Fresh sightlines

I wonder, where is your gaze falling these days? What is catching your attention in your line of sight?

Recently, I’ve been thinking a lot about sightlines and why they are important to me.

Sightlines for creative change

Every change starts with a question.

Why are we doing this? What if we could do it differently? How could we make the most impact?

And every creative change pushes this even further. Not assuming this is just fixing a problem or doing it more efficiently.

Instead, we are seeking a more fundamental shift. At the level of heart and not just head.

The questioning of the here and now is potentially much deeper. At a visceral level of what is really important to us now.

It also asks bigger questions of what are we going to do about it. Together.

What I know from years of leading change in big organisations and elsewhere is that only having one line of sight is not enough. In fact, it is often reckless arrogance.

A dominant narrative or only one person’s perspective is insufficient. We need the humility of multiple and fresh sightlines.

More than ever, we realise we are living in a complex, interconnected world. And for this we need a new path, not an old map.

My sense looking around is that there are people who can help us see differently. Though they are not those we have usually sought to be our heroes.

These are the ones often looking in from the sidelines. The creative, thoughtful changemakers who speak softly about things that matter.

Who may not speak in the language of power and authority. Or structure and process.

But who have something to say. Now.

If we will listen.

Sightlines for internal transformation

However, our sight is not only external.

Last Sunday a friend read John O’Donohue’s A blessing of solitude In our weekly online church gathering.

Coming from Anam Cara – Spiritual Wisdom from the Celtic World, I was drawn to the passage before the blessing about living an unlived life…

Each night this week I have read the words and let them shine a light internally. Being prepared to open up fresh sightlines into my soul.

John quotes Irenaeus, a wonderful philosopher and theologian from the second century:

“The glory of God is the human person fully alive.”

And continues: ‘It is lovely to imagine that real divinity is the presence in which all beauty, unity, creativity, darkness and negativity are harmonised. The divine has such passionate creativity and instinct for the fully inhabited life. If you allow your nature to come alive, then everything will come into rhythm… (sometimes) We have fallen out of rhythm with the secret signature and light of our own nature.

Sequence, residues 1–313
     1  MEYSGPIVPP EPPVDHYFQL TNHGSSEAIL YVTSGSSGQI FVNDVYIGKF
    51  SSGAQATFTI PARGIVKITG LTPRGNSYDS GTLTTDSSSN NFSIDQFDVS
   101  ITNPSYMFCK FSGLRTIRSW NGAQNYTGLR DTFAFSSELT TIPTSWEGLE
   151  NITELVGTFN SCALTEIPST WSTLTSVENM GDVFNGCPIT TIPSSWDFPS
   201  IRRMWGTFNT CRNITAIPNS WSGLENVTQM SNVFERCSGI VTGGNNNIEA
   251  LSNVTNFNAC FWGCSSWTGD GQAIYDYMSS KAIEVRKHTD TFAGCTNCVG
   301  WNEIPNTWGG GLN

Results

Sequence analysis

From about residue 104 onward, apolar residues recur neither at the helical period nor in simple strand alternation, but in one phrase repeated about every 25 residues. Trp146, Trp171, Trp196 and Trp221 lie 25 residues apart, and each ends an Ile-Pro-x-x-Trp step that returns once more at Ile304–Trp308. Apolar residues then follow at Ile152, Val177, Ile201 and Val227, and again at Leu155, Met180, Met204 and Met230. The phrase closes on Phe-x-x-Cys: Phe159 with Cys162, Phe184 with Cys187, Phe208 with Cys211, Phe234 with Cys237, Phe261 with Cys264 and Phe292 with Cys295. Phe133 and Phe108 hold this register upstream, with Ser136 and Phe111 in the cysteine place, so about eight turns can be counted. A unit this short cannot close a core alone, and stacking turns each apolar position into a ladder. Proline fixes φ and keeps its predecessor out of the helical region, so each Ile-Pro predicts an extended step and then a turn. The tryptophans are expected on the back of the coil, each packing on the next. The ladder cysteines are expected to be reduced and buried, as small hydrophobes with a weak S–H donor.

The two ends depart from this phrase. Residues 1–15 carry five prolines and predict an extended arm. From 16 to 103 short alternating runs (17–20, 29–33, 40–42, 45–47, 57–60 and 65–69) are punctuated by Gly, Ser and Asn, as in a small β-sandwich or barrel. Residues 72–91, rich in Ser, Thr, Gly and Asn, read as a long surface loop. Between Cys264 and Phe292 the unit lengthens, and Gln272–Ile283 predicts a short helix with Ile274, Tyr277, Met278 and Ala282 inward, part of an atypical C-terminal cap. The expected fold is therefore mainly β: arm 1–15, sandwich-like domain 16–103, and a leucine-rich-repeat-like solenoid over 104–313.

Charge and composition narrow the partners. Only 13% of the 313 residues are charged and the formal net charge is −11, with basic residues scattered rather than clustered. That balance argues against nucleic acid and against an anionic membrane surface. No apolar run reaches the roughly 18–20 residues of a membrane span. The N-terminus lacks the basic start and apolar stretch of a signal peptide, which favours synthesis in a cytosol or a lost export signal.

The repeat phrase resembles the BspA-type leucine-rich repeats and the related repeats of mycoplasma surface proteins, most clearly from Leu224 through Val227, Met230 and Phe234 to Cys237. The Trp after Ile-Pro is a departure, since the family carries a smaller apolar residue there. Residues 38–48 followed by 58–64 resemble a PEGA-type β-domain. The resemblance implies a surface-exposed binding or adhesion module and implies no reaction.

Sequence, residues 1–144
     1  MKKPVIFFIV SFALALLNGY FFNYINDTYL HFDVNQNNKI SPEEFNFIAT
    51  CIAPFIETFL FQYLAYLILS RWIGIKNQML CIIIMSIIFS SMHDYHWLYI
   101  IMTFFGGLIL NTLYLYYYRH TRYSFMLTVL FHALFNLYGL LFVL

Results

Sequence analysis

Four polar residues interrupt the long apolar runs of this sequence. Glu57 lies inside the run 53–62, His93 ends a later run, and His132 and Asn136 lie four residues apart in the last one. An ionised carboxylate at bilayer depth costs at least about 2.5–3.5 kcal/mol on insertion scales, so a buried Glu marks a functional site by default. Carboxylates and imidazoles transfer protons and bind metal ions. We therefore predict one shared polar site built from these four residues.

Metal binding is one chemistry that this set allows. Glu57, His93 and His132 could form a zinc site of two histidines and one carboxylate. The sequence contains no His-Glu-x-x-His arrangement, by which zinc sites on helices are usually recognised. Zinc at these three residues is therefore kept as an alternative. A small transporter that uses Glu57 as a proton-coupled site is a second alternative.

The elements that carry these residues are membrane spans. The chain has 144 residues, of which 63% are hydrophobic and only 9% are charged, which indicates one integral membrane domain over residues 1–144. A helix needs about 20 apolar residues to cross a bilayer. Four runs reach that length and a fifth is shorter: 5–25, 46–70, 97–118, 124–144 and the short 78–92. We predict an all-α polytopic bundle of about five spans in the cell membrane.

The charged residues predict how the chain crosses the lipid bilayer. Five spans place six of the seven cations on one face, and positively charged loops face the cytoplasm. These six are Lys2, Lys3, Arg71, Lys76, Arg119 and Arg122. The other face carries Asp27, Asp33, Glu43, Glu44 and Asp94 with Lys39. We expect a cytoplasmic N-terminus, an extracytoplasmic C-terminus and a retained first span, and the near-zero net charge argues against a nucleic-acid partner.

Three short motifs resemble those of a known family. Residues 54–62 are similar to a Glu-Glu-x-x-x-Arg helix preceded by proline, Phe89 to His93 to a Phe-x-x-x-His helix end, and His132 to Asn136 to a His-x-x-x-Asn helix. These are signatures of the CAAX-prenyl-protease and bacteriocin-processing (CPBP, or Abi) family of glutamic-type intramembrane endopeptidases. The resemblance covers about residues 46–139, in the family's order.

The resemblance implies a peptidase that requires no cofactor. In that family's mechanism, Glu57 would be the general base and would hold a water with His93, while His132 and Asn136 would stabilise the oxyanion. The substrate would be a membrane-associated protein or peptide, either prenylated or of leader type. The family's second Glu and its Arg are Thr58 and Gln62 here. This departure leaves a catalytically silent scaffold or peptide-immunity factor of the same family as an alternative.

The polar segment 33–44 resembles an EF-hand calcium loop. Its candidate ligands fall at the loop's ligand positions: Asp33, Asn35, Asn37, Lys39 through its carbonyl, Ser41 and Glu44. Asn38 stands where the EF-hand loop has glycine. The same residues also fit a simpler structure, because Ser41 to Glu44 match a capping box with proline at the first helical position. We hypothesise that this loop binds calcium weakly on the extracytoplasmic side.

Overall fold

‘The shape of each soul is different… When you endeavour to repeat what others have done or force yourself into a preset mould, you betray your individuality. We need to return to the solitude within, to find again the dream that lies at the hearth of the soul. We need to feel the dream with the wonder of a child approaching a threshold of discovery. When we rediscover our childlike nature, we enter into a world of gentle possibility. Consequently, we will find ourselves more frequently at the place of ease, delight and celebration. The false burdens fall away. We come into rhythm with ourselves. Our clay shape gradually learns to walk beautifully on this magnificent earth.’

A blessing of solitude

Therefore, rather than a consolation for lockdown, this blessing published in 1997 is an invitation to open up fresh sightlines and step into a fully inhabited life.

A blessing of solitude

May you recognise in your life the presence, power and light of your soul.

May you realise that you are never alone that your soul in its brightness and belonging connects you intimately with the rhythm of the universe.

May you have respect for your own individuality and difference.

May you realise that the shape of your soul is unique, that you have a special destiny here and that behind the facade of your life there is something beautiful, good and eternal happening.

May you learn to see yourself with the same delight, pride and expectation with which God sees you in every moment.

John O’Donohue, Anam Cara, Bantam Press, 1997

Comparison and judgements close down healthy sightlines.

Instead, let’s have the courage to step into the light and see ourselves and the world with fresh eyes.

Thanks for reading

Sue x

PS. Can you ever have too many bluebells?

This week

The thread of insight and formation has woven through this week (and bluebells).